Many patients are dissatisfied with the way in which their complaints about health care are handled, a phenomenon that exists in a number of countries and is not well understood [1–3]. The assumption – tested in this study – is that patient dissatisfaction with complaints handling consists of unmet expectations; if patients' expectations are not met or not met in full, they may feel disappointed or even frustrated . Fair complaints handling is highly significant in restoring patients' trust in health care and in renewing patients' commitment to the health care provider or organisation. Any effort to restore patient satisfaction with complaints handling is not only an ethical issue, therefore, it also provides practical advantages, while knowing the main components of dissatisfaction may lead to successful approaches to preventing dissatisfaction .
This article endeavours to explain patient (dis)satisfaction by comparing patients' expectations at the time they filed a complaint, with the outcome of the complaints handling process. The setting of the study was hospitals in the Netherlands and the subjects were patients who had lodged a complaint with the complaints committees of the participating hospitals.
Patient dissatisfaction with complaints handling
Complainant dissatisfaction is a common finding in many studies [1, 2, 6]. Daniel evaluated the experiences of 290 patients whose complaints were finalised by the Health Care Complaint Commission of New South Wales (HCCC) and nearly two-thirds of these patients (61%) appeared to be dissatisfied with the complaints handling by the time the complaint file was closed. All but two people said they would never consult the doctor involved again, while many respondents remained angry and most wanted stern measures to be taken. Satisfaction was significantly more likely if strong action had indeed been taken against the doctor . In business research, little is also known about people's behavioural and emotional responses to complaints handling .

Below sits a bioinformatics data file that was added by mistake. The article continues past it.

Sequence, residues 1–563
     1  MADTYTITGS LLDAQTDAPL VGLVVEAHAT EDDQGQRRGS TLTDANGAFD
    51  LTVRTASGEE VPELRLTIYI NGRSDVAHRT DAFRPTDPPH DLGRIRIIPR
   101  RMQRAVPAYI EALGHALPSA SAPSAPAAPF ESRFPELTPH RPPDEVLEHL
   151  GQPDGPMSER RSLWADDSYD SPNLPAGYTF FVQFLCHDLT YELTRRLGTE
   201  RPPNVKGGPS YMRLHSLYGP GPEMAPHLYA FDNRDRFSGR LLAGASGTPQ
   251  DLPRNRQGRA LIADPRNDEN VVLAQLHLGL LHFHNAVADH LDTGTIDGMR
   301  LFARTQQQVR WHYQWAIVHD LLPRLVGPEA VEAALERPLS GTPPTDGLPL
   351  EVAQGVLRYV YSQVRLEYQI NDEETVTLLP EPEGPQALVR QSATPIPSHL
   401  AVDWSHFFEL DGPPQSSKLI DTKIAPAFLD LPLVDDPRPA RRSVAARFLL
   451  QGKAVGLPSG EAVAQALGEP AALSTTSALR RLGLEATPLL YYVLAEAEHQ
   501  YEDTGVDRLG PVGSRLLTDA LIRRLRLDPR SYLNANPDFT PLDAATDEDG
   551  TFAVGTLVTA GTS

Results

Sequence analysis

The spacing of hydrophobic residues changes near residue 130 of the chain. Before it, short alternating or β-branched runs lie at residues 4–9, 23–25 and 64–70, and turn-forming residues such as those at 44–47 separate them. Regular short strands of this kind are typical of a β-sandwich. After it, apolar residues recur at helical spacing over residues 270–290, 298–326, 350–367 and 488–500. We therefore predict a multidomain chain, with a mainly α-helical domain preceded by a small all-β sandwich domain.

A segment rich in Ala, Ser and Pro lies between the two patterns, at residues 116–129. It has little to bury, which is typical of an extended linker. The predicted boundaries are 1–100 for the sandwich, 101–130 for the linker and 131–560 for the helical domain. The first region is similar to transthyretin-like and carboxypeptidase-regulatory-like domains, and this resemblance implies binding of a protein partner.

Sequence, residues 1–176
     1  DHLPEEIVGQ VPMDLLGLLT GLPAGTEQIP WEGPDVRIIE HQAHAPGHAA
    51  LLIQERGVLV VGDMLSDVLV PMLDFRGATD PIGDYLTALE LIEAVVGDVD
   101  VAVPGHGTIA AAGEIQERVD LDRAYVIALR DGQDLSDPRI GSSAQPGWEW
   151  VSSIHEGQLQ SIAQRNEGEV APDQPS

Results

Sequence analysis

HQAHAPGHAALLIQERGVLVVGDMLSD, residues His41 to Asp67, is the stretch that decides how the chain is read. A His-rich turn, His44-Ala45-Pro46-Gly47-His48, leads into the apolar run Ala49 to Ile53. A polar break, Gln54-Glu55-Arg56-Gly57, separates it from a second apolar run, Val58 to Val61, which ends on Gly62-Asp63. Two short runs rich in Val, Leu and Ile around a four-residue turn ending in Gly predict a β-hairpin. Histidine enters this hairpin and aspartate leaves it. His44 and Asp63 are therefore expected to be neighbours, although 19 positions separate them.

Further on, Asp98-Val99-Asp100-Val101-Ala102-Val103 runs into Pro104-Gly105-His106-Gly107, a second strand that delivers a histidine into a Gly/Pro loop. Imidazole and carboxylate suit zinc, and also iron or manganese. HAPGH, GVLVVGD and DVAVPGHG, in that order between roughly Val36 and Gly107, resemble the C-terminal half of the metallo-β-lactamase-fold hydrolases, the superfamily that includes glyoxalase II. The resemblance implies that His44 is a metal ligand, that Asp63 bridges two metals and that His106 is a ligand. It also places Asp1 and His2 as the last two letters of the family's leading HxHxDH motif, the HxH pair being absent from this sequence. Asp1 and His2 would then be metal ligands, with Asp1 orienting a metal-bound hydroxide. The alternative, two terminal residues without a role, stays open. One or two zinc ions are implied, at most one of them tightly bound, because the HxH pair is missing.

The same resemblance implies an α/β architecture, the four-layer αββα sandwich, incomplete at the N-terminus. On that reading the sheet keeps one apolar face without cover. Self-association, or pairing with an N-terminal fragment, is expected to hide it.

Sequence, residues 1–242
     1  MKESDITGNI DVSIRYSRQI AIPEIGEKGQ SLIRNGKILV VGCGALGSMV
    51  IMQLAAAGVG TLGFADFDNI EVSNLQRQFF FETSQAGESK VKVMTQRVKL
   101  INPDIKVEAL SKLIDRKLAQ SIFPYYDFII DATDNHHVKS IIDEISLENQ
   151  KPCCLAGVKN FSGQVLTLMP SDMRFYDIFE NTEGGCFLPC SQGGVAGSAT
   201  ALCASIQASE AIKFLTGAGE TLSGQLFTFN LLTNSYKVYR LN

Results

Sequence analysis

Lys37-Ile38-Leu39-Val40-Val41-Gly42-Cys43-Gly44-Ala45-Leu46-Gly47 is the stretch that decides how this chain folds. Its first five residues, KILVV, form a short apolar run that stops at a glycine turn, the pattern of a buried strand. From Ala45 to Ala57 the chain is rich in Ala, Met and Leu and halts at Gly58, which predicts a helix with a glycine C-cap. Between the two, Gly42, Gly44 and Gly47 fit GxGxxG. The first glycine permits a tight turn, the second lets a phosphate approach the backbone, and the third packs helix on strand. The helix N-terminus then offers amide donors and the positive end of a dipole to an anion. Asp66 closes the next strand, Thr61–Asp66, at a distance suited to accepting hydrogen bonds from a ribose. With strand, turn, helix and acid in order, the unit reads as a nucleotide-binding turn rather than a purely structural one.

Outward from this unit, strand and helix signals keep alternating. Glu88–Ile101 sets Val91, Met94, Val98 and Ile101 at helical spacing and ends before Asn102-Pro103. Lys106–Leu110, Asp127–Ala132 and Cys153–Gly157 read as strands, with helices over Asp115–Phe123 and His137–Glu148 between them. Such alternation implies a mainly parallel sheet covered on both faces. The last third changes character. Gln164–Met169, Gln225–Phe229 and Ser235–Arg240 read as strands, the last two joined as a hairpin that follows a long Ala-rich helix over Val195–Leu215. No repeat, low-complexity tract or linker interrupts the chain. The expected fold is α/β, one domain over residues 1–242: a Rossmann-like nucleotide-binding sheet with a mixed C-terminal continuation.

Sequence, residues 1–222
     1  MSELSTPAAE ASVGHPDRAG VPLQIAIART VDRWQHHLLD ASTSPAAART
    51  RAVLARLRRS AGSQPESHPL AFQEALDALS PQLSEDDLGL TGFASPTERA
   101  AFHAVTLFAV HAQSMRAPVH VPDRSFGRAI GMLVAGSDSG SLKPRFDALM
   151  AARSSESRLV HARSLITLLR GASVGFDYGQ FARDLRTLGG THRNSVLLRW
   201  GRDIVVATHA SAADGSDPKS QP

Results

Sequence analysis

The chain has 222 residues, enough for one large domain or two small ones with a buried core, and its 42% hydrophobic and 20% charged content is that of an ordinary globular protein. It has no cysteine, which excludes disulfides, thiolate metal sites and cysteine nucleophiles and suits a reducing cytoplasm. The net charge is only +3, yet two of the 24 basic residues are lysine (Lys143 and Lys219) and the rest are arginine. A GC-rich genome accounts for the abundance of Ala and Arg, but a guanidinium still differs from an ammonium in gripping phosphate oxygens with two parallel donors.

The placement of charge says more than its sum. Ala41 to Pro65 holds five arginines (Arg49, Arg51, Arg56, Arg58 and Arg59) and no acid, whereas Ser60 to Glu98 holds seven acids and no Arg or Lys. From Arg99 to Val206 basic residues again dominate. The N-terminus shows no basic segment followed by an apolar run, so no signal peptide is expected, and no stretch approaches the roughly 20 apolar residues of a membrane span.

Patients' motives for complaining
An important motive for patients to lodge a complaint is to prevent the same incident from happening to others [7–9]. Complainants experienced strong feelings of having been wronged and many felt it was their duty to complain, because they experienced a sense of moral duty or justice having been violated. They reacted out of a basic feeling that something had gone wrong in how things should be arranged that had to be set right . Some patients said they owed it to their deceased partner or child to lodge a complaint, while Bark et al.  found that the majority of patients wanted staff to be aware of what had happened and the effect it had had on the patient; "I wanted doctors to realise what they had done." .
Patients' expectations of complaints handling
Some studies focused on what patients expect from the health care provider (or the accused) in response to their complaint. According to Gallagher, patients want full disclosure of the incident , which is likely to increase patient satisfaction . Bark et al.  and Vincent et al.  found that many patients wanted an explanation from their doctor and/or a detailed account of what had happened. Half of the patients wanted an apology (as well), while less than 10% of the complainants attempted to obtain financial compensation [6, 7]. Bismark et al.  found that most patients do not seek monetary compensation when given a choice, but appreciate other forms of accountability, like explanations or lessons learned. They state that "the offering of apologies, explanations and assurances of system change, where appropriate, may address many patients' true concerns...". Only in the case of patients who had sued their doctor, did two thirds want to receive financial compensation .